Daniel Laing's apocalyptic short story "The History of New Venice" appears in issue forty-seven of Neon Literary Magazine


Stanley Kubrick, old and mottled, wakes late at night, alone. He envisions a film about Venice, its beginning, its middle, its end. Compelled, he begins.


The year is 2093 and the real Venice is gone. It is the Atlantis of that time.

In April, Kubrick starts scripting. He plasters his study with photos, archival documents, letters from famous Venetians. He reads extensively. Interviews various subjects. The film will be about an artist who cannot find inspiration. His name will be Julian; he will wear mostly tangerine.

Soon though, Kubrick abandons this idea. It must be a woman. She must be tall, with cropped hair, and deeply in love.


Construction on Kubrick’s New Venice commences on the 4th of May 2094. By now, the study does not have an inch of free wall or floor. A hand drawn map dominates the ceiling.

Kubrick’s wife frets. She wants him to eat better. Sometimes, she wonders why she married this queer man – so neat, so professional in his work. Yet: his watch is forever incorrect; ketchup stains appear on his trousers before breakfast; recently purchased white shirts are dashed with pen marks within the day.

She watches him from the study doorway. Sometimes, she kisses his forehead and though he does not pause, does not look up from his work, her heart swoons like first love, a teenage crush she indulges daily.

He elects David Gilmour to be his lead musician. Due to scheduling commitments, and David’s ailing heart condition, filming is delayed by 14 months. Kubrick waits.


The locals cannot believe the beauty of New Venice. They are simple folk. Their lives revolve with prompt and shocking regularity around the weekend. Sometimes they see Kubrick strolling New Venice’s cream streets. He is ancient – 168 years old – and cannot move without a cane, cannot see without heavy spectacles. He is somewhat of a marvel to them.


Cars arrive, bounteously, at Kubrick’s manor – they bear actresses and actors, they bear film crew and set dressers, they bear secretaries, runners and researchers. He interviews them all in the aviary in the squall of squawking birds. For the lead, he interviews over fifty girls. Many come back again. None are right.

At night, Kubrick, impatient with his stalling project, fearful he will leave it incomplete, thinks of death. He is overdue death now. Liver spots decorate his paunch, the flab of his thighs, his chins. He can pinch this and roll that between thumb and forefinger. His belly has accreted folds and wrinkles, like some great sagging ballsack. His arse is lumpen like a stamped upon cushion. There is mottled flesh at the tops of his thighs – green welts. Daily he decays.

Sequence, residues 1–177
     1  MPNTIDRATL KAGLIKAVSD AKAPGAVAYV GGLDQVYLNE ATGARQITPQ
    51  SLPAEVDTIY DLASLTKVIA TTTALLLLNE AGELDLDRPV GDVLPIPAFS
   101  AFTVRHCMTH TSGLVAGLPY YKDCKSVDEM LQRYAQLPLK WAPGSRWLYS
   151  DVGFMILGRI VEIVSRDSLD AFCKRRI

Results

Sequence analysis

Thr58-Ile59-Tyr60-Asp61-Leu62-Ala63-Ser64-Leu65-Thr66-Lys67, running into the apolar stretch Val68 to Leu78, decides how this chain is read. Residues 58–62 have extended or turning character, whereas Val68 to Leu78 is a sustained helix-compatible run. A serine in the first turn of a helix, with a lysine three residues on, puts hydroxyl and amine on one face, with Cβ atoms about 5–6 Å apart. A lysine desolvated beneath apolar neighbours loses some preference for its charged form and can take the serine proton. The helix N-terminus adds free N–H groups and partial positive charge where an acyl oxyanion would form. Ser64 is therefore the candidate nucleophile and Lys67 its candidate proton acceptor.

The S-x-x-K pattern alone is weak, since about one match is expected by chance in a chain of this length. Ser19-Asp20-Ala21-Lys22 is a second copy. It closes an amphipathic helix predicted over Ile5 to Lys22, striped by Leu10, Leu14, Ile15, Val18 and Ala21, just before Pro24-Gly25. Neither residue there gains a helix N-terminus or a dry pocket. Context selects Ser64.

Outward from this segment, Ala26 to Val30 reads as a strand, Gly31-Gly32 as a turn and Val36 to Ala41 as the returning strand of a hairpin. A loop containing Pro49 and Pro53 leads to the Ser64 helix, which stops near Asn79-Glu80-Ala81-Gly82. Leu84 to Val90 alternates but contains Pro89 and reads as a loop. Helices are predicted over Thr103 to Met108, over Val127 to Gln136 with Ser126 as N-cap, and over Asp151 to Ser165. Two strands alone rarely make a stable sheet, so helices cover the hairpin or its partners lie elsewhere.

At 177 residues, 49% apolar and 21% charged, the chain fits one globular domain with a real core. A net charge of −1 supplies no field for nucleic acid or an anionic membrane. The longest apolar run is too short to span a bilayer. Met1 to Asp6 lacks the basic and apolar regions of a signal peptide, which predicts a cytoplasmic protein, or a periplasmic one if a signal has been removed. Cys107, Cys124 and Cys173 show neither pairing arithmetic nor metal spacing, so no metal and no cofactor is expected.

Samson, the biblical hero, is central to the film. Kubrick has the art department replicate his image on walls and ceilings. He designs intricate frescoes. When the work is complete, he feels closer somehow.

At home, he kisses his wife and their kisses become embraces. They tumble over a rug and roll across the study floor. Photographs stick to her back; Kubrick’s foot shatters a vase.

They come crashingly together and the whole world caves in. Like they had slipped for a moment into death, and then returned, like light, to the universe.

The following morning, they breakfast on the patio and Kubrick, who has been in love with her for so long, cries from happiness. New Venice lingers on the horizon, perched on the lake, forgotten.


They find a girl, by accident. A tall Catalan waitress. Kubrick converts the script to Spanish. He tells the producers – the backers – that this is necessary. People swear he is half-mad. Now New Venice towers. The New Doge Palace pierces the horizon. When the set dressers, the painters, the film execs, the actors and even Kubrick himself pace the place, they all say the same thing: it is both Venice and not.


Shooting begins and goes well. Then, disaster: a portion of the set, built upon unsure foundations, collapses into the lake. The engineer hangs himself from the rafters of the New Venice cathedral. Kubrick allows a day of mourning before shooting resumes, and new engineers, better engineers arrive to take his place.


One night – and it is a very dark night – Kubrick’s wife passes. He finds her days after, in a room he rarely visits. He sits on the chair opposite her bed. He takes her hand. He kisses her forehead. He watches, through many-paned windows, as day becomes night. Finally, he cries.

Nightly, Kubrick walks the streets of New Venice. The film is no longer about love; it is about death. Then he realises that all love stories are about death. Then he realises that all stories are about love and death. And that creation exists between the two of them. This is not a revelation for Kubrick, merely a remembering.


There is a shot which Kubrick cannot get right. In his head, it is a moment of sublimity, a pivot in his character’s life.